10.52As a comparison, in the Commercial Court in London some 1331 claims were issued in 2011. Around 54 per cent of these related to breach of contract, agreement or debt.

10.53As to commercial work “diverted” away from the High Court to alternative dispute resolution, the Commission is not, and nor is anybody else, in a position to get behind the decisions made by commercial solicitors, their clients and senior counsel as to why and how much work goes in a particular direction outside the High Court. Those discussions are confidential, and we cannot “discover” them out of court records. Patently, a number of factors must enter into such a decision, amongst which must be practical accessibility to justice, cost, and the timeousness and quality of a given result.

10.54We do, however, consider that the concerns expressed by commercial solicitors and counsel that this diversion is occurring are entitled to real weight. It seems there has been a respectable “bleeding off” of civil litigation where there is a choice of the means of disposal of a dispute. That aspect, according to the Bar, has contributed to the rise, or at least fuller use of, alternative dispute resolution, and less use of the formal civil justice system.

10.55It is difficult to see that trend not continuing. “Mediated justice” is now an established fact-of-life. It integrates law and lawyers with the psychological and social realities of people living together. It is a more robust justice where interests, perceptions and entitlements are all given weight. Settlements are not mere capitulations to the over-whelming costs and delays of litigation. Traditional “adjudicated justice” is certainly under pressure from the concern of “mediated justice” to integrate the rule of law with the present needs and interests of real people. A failure to deliver what consumers really want, and need, will inevitably deal a severe blow to the future prospects of adjudicative civil justice.153

Qualitative assessment

10.56Leaving aside such statistical evidence, there is the awkward question of whether there is a want of confidence in some High Court judges, particularly in the commercial law area.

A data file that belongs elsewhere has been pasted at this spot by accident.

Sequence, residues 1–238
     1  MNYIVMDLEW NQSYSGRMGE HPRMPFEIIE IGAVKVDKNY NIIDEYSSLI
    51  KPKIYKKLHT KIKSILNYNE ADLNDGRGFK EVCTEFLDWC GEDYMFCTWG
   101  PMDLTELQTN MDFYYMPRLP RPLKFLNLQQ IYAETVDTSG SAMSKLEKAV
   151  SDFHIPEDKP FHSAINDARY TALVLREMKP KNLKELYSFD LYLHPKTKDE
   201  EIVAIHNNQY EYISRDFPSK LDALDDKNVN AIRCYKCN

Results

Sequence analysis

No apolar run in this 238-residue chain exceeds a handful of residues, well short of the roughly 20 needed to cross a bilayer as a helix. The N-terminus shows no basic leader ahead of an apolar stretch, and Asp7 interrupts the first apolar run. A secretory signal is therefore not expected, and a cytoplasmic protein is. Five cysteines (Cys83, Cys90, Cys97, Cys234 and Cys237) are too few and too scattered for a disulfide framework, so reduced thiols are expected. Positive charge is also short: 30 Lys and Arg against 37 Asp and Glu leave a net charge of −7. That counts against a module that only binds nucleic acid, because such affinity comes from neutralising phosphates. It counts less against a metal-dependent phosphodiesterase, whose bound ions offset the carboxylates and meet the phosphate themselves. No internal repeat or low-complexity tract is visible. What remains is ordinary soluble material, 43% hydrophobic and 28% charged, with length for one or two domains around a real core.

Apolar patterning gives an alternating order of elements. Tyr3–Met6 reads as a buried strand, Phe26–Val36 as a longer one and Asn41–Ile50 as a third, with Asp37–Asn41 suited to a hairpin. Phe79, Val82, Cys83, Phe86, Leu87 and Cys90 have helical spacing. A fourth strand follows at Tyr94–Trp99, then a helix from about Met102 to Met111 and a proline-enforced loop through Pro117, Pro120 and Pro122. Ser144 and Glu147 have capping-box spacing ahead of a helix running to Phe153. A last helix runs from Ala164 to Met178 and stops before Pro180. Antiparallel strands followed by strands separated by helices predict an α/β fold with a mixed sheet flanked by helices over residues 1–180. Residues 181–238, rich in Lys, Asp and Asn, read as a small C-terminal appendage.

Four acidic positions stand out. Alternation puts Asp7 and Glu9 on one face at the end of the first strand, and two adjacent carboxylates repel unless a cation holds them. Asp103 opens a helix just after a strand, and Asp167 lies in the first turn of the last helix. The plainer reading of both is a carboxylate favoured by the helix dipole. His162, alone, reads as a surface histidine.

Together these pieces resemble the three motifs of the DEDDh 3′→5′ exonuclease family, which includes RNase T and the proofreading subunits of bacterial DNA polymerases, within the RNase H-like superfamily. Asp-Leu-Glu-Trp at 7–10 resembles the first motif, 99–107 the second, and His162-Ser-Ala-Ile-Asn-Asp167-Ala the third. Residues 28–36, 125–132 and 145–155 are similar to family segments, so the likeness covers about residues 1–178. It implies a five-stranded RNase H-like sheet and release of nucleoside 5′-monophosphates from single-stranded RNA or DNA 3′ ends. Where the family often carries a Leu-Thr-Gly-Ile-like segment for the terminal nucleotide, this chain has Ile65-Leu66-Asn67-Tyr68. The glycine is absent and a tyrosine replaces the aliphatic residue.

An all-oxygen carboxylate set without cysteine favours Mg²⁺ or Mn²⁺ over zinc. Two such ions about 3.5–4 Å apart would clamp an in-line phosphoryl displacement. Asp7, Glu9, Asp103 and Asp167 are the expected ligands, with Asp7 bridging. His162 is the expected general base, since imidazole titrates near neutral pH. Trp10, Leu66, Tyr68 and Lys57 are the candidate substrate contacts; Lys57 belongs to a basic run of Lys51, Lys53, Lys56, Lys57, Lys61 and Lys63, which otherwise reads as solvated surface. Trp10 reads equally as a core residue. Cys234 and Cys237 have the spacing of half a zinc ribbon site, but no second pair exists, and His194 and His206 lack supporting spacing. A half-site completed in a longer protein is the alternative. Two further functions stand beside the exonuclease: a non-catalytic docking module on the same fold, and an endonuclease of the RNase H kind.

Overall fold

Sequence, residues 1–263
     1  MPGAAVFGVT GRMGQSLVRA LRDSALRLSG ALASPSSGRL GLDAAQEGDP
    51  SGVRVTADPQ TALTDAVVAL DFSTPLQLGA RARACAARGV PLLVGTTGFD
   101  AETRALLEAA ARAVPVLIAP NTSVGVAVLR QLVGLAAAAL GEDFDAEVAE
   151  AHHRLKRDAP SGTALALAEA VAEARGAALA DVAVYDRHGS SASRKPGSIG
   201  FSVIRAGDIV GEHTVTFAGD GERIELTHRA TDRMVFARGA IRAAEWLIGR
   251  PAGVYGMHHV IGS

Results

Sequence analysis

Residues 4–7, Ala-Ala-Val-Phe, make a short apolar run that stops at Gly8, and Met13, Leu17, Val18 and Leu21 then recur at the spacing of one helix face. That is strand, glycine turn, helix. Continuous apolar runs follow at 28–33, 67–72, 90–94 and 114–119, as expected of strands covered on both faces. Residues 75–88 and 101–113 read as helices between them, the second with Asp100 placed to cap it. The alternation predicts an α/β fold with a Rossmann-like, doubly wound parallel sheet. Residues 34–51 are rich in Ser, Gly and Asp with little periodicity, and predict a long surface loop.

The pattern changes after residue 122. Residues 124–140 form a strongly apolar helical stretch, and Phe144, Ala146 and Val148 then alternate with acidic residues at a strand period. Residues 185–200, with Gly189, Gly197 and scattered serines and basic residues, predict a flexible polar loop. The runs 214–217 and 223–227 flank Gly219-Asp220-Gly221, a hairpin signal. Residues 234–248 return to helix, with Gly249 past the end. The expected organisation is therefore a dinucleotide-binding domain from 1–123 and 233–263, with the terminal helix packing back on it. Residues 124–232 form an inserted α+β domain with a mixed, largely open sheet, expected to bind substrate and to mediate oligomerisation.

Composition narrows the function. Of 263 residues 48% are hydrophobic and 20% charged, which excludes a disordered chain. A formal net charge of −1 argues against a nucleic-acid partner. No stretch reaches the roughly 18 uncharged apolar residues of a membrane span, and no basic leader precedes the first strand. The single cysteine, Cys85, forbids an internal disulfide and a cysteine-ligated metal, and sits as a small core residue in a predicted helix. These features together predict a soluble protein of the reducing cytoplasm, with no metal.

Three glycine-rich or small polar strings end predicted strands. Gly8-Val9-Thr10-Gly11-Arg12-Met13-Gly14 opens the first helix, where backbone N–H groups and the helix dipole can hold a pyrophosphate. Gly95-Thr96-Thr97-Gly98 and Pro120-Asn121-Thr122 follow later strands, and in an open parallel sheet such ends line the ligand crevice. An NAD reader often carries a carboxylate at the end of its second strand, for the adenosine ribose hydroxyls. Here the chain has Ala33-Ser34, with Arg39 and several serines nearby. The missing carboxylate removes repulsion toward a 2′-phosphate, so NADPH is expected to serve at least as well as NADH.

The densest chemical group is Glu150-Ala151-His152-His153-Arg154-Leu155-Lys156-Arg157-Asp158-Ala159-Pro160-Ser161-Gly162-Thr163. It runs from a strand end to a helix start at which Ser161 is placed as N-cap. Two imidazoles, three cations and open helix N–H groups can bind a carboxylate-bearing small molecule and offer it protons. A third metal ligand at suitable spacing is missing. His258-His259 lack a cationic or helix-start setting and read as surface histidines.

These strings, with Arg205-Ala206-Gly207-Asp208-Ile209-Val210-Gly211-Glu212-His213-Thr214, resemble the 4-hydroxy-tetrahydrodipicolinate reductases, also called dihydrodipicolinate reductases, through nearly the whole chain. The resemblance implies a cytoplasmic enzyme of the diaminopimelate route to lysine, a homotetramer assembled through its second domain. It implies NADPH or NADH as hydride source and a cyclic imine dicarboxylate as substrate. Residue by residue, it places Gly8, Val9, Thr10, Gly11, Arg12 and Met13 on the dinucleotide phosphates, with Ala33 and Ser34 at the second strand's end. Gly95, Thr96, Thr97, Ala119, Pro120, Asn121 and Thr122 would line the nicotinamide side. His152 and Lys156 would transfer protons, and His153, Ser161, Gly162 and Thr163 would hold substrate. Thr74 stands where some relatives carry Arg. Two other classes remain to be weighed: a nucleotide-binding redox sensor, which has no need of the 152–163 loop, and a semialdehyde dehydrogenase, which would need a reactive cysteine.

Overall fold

10.57It has been suggested to the Commission, and asserted in some professional literature, that some High Court judges are regarded as professionally “weak” in this area. And that this has had the unfortunate effect – given that litigants do not know what judge they are going to get in advance – of diverting some work away from the courtroom door, at the outset. Counsel, or so it is said, do not want the courtroom risk of an underperforming judge.

10.58Whatever the truth of those assertions in individual instances, submitters in general expressed real confidence in the High Court judiciary in New Zealand. There are objective ways of checking this. One is to ask how New Zealand judgments are received in other jurisdictions. In a good number of instances they have been referred to with approval by other senior courts. One example is the case of Guardian News and Media Limited v City of Westminster Magistrates Court in the United States of America,154  where Lord Justice Toulson (with Lord Neuberger concurring) approved and relied on a judgment of the Supreme Court of New Zealand.
10.59Another test is whether overseas institutions and persons will actually resort to New Zealand as a jurisdiction for their business affairs. New Zealand is considered to have sophisticated levels of advice from lawyers and accountants, and a judiciary that is relatively advanced in understanding trusts.155  Tax legislation requires the disclosure of details of foreign trusts by New Zealand resident trustees of foreign trusts. The Inland Revenue Department has advised us that since October 2006 there have been approximately 7,500 foreign trust registrations. That does not suggest some kind of crisis of confidence in this jurisdiction.